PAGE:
As you can see it uses EBIT and thus gives you a clean, realistic estimate of operating income and compares it to enterprise value.

Earnings Yield = Operating Income or earnings before interest and taxes (EBIT) / Enterprise Value

The same way you can calculate EBITDA Yield:

EBITDA Yield = EBITDA / Enterprise Value

 

When to Use a Yield or a Times Ratio

I am sure you have also seen ratios shown as a yield (with a percentage sign like EBIT / EV = 12%) or shown as times (for example PE = 5 times (the stock price is equal to 5 times earnings).

A yield ratio refers to income return on an investment.

For example, earnings yield, described above, refers to the EBIT/EV. Likewise, the interest rate or dividend yield you received from holding a particular security is a yield. 

Yield ratios are useful because you can easily use them to compare the returns of different companies. And allows you to easily compare the rate with the return on other assets, for example bond yields, interest rates or a real estate capitalisation rate.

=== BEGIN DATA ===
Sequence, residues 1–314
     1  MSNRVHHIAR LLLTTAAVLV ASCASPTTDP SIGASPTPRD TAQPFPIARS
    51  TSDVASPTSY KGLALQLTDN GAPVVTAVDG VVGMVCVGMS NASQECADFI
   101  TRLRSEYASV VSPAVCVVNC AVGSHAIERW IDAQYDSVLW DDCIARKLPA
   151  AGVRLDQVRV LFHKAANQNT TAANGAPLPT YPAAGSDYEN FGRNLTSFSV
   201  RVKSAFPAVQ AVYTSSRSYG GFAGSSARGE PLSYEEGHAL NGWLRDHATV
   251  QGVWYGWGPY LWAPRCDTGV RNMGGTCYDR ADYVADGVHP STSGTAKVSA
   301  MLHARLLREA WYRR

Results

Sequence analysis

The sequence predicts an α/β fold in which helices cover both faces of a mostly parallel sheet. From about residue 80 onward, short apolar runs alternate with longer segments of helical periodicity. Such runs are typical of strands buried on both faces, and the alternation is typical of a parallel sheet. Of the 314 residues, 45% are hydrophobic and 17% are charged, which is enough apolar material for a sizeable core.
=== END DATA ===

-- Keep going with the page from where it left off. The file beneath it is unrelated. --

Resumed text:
If you look at multiple or times ratios like P/E it is not a yield but it tells you that you have to for example pay seven years’ worth of earnings for a company with a P/E ratio of 7. 

This is also easy to understand but more difficult to compare to other investments prices in percentages like interest rates and bond yields.

 

Summary and conclusion

As you have seen there are a number of ways you can value a company using different profit numbers and valuation calculations. 

What is however important is that you are clear what the valuation number is telling you about the company and what factors can influence this valuation. 

You can also use yield or times ratios, which ever ratio you find easier to understand.

For example, the Price to earnings ratio provides a quick, easy but rough valuation of a company that would leave out important information such as capital structure. 

EBIT and EBITDA can provide fair ideas of cash flow, and EBITDA, although less accountant friendly, can help value special niche companies that might include loss making, high debt and capital-intensive companies with a lot of depreciation. 

Enterprise value gives you a better idea of the current value of a company as it takes its capital structure into consideration.